Furthermore, the most common prejudice and stigma associated with mental health is that the person who is suffering from any kind of issue is portrayed as being violent and dangerous. Mental health issues are taken out of the everyday “normality” in the way we subjectively portray what should be a “normal” behaviour and what should not. And, from an international point of view, the biggest problem is that in many cultures mental health problems are associated with being cursed, with God’s punishment or, in milder situations, with a person’s inability to “snap it” and “move forward”. It is the way we associate mental health with willpower and human nature as being inherently bad or good that hinders our conversations about it.

At the same time, beyond the cultural gap, there is also a gender gap. According to a research done by Oxford University, depression rates are roughly two times higher in women, but alcohol disorders are two and a half times higher in men. Moreover, a woman getting drunk is worsely perceived than a man getting drunk, whilst a man saying that they feel miserable and anxious is generally considered worse than a woman. And all this roots back to our patriarchal portrayal of the society as in the generic couple of the “weak and faible, always in need of protection” woman and the “tough, powerful, protective, dominant, never weak to tears” male.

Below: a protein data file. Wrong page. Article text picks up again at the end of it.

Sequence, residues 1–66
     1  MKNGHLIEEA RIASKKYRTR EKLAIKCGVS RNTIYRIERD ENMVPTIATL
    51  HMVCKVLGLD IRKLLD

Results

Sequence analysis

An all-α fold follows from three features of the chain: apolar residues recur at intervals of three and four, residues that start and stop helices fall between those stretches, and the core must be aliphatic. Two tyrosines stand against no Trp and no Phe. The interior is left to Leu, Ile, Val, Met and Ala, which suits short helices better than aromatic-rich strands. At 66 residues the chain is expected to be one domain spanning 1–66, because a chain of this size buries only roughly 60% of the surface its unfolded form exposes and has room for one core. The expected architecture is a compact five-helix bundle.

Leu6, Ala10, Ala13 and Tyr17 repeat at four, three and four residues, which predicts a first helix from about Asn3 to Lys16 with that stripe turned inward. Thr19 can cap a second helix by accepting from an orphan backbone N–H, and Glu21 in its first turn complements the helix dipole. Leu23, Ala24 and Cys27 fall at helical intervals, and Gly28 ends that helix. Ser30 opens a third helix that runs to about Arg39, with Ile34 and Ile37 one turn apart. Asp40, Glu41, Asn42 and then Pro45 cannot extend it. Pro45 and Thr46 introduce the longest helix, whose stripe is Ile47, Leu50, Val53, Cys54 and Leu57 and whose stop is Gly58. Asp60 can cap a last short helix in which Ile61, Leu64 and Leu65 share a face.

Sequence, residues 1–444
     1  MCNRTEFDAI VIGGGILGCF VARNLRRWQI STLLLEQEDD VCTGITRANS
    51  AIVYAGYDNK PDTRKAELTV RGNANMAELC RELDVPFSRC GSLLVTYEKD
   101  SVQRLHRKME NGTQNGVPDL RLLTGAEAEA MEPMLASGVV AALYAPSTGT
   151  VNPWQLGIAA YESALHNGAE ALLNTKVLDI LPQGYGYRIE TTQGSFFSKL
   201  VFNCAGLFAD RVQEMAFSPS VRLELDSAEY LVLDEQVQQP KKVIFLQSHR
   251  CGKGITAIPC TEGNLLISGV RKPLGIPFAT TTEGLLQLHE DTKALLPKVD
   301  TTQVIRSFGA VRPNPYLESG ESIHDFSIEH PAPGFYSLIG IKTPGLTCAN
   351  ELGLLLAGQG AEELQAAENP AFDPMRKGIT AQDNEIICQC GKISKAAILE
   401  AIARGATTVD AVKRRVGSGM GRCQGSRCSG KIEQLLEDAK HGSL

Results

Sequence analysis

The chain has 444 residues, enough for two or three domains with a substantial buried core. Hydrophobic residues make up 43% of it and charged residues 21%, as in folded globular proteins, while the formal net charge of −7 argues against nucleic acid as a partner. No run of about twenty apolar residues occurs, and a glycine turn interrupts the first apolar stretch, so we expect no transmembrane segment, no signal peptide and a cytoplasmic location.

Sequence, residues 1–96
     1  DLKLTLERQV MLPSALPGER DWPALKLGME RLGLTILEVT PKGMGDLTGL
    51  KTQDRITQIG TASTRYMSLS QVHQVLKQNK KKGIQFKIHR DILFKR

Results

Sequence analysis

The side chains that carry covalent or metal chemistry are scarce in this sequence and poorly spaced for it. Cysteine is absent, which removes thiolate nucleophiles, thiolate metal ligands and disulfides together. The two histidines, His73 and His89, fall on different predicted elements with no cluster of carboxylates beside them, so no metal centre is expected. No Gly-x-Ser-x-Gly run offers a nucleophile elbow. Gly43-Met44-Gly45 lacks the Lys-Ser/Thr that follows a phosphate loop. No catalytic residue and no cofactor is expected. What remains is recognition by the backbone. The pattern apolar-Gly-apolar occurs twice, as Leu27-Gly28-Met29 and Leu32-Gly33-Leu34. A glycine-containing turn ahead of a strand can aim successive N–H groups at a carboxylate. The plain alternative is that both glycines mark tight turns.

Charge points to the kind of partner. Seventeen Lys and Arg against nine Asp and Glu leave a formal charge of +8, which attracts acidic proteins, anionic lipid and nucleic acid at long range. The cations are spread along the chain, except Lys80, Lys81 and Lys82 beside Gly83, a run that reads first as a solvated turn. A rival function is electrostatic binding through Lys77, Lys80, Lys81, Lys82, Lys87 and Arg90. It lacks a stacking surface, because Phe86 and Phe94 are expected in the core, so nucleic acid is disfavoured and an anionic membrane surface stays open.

However, our conversation and the questions raised by the audience reached the point where we asked ourselves: is it always good to talk openly about mental health? What are the “side-effects” of self-identifying as being disabled or suffering from something? And the answer was pretty obvious and unanimous: labelling. Seeing that society has created so many prejudices, the fear of being labelled and constanty living like this at school, at work, at home, makes it difficult for anyone to have the courage to speak up. And at this point I have talked about a TED talk, but to keep up the interest, I will continue the TED talk conversation in a further post.

To make this long piece of article short, my night was wonderful. I have learned from different perspectives and I have given my own international opinion on the matter. Yet, I must recognize that the different backgrounds did not alienate one common perception about mental health which is best described in a quote that said: “Mental Health has been the Cinderella of public health practice” (Lee, 2003). We do not talk about it, we do not care about it enough, but it exists and it can play a crucial role in our lives. Labelling might be hard to overcome, but by proving ourselves everyday, we start shaping and educating the new generations better. So, how about we should start talking?